Living With Depression
I am very open about having depression. I have spoken in seminars, written papers and poems, shared my struggles with others, but I tend to only divulge when invited to. Because despite the fact that I have come to accept this depression as part of me, other people, even those closest to me, do not and will not understand. I do not like being depressed. Obviously. If I could choose not to be, I would. But, seeing as it is not going away anytime soon, my only course of action is to learn how to live with it.
During the first year after my formal diagnosis, I was living on campus with my best friend from high school. Unlike anyone else I know, we remain best friends even after having lived together for three years. She is fabulous. With her I have found the most balanced relationship I have ever had—I get as much as I give, and for a tender-heated people-pleaser like me, that is rare. But once, having an off day and feeling really down, I must have said something to betray my mood, and this best friend of mine got truly angry with me. “Just stop being so negative,” she said, exasperated. “Just stop fixating on the bad side of everything and be happy.” Just be happy. Revolutionary. If it were that easy, I would not have had depression in the first place.
The Emptiness Is The Worse
What many people don’t realize is that one of the worst parts of depression, worse than the bitterness, the moodiness and the weepies, is the emptiness. The numbness that spreads through your bones until you realize you have been slouched on the edge of your bed, ready to stand up, for the better part of an hour. It is this emptiness that hollows every laugh, freezes smiling eyes, slumps shoulders down and lines the soles of your shoes with lead.
It is this emptiness that sets the body to stone until every breath works its way out past jutting crags, halved by the time it escapes your lips. It is this emptiness that strikes at those you love most, strikes and strikes again and sees their pain but feels no compulsion to stop causing it and just does not care. That emptiness just really sucks.
Sometimes, sitting on the couch next to my fiancé, I feel like I am wrapped in plastic and encased in a glass fish bowl. He is right there next to me, but every sensation is deadened, delayed as if by water and I could not reach him if I tried. Even if I were to physically touch him, that thing would still be there separating us. I am told this feeling is common but that hardly dismisses it. In fact, one of the only thing that placate me is the knowledge that there is something physically wrong with my brain.
It Is In The Brain
That seems backwards, does it not? But when I am wrapped in plastic and drowning in a fishbowl, the last thing I want to hear is “stop being so negative” and “choose to be happy.” Nothing will shatter that glass and let me feel again. So the knowledge that it is not my fault, that it is in my brain and completely out of my control, is comforting. I do not have to change myself—I can not. It is not a craving or a choice, it is a condition, it is my condition, and it is my life, and I can learn to live it.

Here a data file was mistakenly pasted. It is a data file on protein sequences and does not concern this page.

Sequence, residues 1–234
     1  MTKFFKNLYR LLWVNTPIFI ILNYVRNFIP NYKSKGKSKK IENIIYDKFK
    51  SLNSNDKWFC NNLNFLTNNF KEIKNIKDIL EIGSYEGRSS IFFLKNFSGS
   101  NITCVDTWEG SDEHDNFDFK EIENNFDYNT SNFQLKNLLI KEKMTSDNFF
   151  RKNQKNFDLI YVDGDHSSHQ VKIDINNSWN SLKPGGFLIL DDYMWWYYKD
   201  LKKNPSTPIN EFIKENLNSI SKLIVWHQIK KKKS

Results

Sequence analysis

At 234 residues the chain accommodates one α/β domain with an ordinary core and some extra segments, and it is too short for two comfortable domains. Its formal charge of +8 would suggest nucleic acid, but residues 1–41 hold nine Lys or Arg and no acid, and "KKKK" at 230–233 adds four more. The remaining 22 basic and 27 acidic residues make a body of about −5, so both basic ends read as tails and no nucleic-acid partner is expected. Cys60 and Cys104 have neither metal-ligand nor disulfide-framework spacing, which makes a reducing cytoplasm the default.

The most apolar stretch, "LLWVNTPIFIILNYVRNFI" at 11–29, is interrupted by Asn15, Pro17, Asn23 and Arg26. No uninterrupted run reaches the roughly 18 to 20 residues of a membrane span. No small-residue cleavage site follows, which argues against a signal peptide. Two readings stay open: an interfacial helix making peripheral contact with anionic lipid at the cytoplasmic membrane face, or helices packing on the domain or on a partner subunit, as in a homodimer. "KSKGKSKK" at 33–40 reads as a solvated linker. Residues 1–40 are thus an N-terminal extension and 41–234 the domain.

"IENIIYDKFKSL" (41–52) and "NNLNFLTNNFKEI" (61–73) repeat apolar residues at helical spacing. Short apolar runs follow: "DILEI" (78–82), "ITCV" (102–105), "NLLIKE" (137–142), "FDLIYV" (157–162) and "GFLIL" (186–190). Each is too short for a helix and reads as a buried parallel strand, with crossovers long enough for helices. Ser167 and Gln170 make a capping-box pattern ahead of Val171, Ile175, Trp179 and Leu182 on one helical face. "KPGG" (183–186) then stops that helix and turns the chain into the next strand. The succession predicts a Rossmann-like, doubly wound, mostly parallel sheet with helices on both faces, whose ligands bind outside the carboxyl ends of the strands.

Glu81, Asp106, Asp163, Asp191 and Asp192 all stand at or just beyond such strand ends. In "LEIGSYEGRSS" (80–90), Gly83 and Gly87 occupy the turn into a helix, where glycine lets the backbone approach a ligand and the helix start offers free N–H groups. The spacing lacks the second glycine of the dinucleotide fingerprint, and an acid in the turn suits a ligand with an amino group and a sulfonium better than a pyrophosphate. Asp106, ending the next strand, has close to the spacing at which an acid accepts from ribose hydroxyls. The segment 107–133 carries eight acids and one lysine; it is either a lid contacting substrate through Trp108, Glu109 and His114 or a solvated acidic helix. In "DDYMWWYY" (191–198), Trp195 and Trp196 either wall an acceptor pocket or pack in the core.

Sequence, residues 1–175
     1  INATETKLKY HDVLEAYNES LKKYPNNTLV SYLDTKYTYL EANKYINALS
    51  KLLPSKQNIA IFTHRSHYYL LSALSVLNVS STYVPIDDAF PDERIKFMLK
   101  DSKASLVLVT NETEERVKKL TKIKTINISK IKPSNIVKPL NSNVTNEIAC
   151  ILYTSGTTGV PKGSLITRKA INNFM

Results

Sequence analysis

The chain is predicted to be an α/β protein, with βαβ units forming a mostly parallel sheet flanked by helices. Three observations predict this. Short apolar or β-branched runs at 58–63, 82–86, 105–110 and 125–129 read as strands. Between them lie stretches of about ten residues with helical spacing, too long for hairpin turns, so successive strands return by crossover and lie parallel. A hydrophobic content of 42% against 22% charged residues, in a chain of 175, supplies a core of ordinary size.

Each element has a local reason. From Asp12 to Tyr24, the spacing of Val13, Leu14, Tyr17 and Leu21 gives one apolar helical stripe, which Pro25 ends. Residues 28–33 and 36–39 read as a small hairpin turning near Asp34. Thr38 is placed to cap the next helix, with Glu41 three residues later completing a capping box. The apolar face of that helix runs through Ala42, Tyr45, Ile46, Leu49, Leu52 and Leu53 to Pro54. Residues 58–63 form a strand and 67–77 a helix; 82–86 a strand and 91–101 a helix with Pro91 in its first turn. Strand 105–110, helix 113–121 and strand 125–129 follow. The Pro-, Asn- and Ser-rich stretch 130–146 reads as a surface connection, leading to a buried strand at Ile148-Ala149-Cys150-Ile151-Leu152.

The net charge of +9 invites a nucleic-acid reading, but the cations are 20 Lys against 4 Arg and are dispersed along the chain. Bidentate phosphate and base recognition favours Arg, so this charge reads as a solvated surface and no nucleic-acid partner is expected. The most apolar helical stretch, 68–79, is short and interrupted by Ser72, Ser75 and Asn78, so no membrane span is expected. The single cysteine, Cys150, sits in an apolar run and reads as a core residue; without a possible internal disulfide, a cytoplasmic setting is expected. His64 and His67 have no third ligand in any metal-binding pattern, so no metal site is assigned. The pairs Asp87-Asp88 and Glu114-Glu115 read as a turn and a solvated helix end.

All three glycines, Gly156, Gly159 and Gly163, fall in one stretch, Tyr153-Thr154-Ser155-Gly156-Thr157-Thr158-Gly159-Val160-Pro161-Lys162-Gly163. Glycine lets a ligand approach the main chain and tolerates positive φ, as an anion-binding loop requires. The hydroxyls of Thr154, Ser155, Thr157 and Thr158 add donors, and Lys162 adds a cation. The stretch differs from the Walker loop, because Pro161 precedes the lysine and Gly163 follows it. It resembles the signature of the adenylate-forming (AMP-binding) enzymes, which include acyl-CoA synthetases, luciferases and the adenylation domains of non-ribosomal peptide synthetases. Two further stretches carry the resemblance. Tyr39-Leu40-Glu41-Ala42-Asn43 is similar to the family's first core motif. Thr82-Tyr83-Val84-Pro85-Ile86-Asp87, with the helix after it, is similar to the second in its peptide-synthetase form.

There are visible and measurable differences between a healthy brain and one that is depressed. Hormone levels may be different—like too much cortisol, the stress hormone, or too little serotonin, the happy hormone—or the sizes of things might be “off.” The hypothalamus, which processes long-term memories, is noticeably smaller in some people with depression. The amaygdala, which deals in emotions like anger and fear, works overtime in depressed brains. Neurotransmitters may not provide adequate responses to stimuli or may overreact. These are biological and chemical reactions. They have nothing to do with choosing or committing to being happy, so the pressure’s off. I do not have to be happy; I do not expect anyone or anything to fill that emptiness inside me, because that emptiness is not imagined, it is real.
Pushing Through The Fog
I just put my head down and push through the fog and come out the other side grinning, even if only for a little while. I just treat myself with the same gentle kindness I grant others. I sleep when I am not tired, eat when I am not hungry, shower when I do not care, get dressed and get out and go to classes and work and do what I do every other day and I am freed from the constant wondering: does this make me happy? Do I really want to do this anymore?
For some of us, happiness is not a reasonable expectation for ourselves, and that is okay. If it is my mood I can not control it. My actions are the thing I can.
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Another most intimate and vulnerable piece from one of our Contributors! Katelyn Roth concludes this series on Emptiness that we began in response to a reader’s request. Check out the other articles in this series: Empty: It That How You Feel?, My Baby Died: How Do I Go On?, Filling The Dad-Sized Hole In Your Life and Emptiness: A Sign of Emotional Trauma.
Katelyn lives in Pittsburgh, KS., where she is pursuing her Masters in Poetry and is also teaching freshman composition classes. She writes on a variety of topics relating to women empowerment, psychology, healthy relationships and anything that supports the mental health of women. Her recent posts were on “Food Banks: Help Up or Hand Out?” and “Dog, Not Diamond Is Her Best Friend.”
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